Have you ever had a feeling that something bad was about to happen? Has it ever come true? On October 20, 1966, a young Welsh girl named Eryl Mai Jones recounted to her mother a dream in which she went to school and found it wasn’t there. “Something black had come down all over it,” she said. The next day, Eryl and 143 other people were killed when a pile of waste at a nearby coal mine collapsed and sent an avalanche of rubble into the village of Aberfan. After learning of Eryl’s dream—and others like hers—the psychiatrist John Barker teamed up with reporter Peter Fairley to establish a Premonitions Bureau at the Evening Standard newspaper to “log premonitions as they occurred and see how many were borne out in reality.” New Yorker staff writer Sam Knight tells the story of Barker’s experiment in his new book, The Premonitions Bureau: A True Account of Death Foretold. Barker hoped that the bureau, which would receive more than 700 premonitions within 15 months (some of which proved true) might serve as a warning system for future calamities. But the gravest predictions that Barker received warned of his impending death.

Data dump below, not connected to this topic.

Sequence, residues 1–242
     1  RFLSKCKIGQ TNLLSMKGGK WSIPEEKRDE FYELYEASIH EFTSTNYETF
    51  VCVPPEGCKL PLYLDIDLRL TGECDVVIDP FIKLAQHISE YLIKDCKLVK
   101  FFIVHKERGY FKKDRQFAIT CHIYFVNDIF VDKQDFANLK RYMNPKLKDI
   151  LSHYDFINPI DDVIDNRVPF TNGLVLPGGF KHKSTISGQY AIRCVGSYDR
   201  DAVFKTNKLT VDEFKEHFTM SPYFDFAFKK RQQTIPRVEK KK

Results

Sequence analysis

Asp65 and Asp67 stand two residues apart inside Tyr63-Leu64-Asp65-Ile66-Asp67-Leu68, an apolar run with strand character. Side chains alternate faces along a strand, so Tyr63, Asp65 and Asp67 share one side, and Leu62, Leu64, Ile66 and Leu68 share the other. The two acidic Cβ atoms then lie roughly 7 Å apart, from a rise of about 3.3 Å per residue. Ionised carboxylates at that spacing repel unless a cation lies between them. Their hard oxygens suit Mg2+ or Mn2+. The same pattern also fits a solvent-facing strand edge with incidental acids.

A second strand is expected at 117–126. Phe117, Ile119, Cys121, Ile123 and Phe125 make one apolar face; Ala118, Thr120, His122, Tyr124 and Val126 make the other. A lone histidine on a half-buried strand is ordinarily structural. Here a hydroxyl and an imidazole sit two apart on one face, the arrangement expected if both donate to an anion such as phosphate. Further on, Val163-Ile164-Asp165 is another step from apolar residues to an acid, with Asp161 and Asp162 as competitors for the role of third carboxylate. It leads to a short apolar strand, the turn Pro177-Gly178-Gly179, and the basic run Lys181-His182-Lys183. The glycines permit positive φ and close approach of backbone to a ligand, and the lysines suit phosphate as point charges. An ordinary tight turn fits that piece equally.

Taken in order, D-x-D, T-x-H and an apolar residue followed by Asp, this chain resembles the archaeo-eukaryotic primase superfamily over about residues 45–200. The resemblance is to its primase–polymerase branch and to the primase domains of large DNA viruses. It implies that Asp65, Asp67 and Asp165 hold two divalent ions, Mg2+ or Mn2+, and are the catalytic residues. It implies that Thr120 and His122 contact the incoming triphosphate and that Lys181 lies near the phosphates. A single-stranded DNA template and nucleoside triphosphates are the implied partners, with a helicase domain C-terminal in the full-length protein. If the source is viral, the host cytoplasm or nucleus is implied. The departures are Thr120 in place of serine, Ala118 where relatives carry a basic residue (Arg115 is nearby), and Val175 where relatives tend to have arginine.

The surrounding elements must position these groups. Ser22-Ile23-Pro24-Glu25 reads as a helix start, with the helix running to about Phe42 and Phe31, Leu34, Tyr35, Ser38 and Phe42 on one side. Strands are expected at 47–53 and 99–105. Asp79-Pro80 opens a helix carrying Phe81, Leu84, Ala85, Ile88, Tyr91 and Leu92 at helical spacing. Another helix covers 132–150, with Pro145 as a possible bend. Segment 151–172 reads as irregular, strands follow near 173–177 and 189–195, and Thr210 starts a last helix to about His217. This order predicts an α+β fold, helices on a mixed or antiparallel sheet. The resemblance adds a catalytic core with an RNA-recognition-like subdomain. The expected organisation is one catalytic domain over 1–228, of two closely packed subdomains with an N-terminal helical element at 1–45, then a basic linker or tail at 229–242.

Go beyond the episode:
- Sam Knight’s The Premonitions Bureau: A True Account of Death Foretold
- Read the article that started it all: “The Psychiatrist Who Believed People Could Tell the Future”
- For just $183.45, this first edition of John Barker’s Scared to Death could be yours!
- The Brits seem to have a thing for where the supernatural and the subconscious meet: listen to our interview with Kate Summerscale about The Haunting of Alma Fielding
- Then again, so do we
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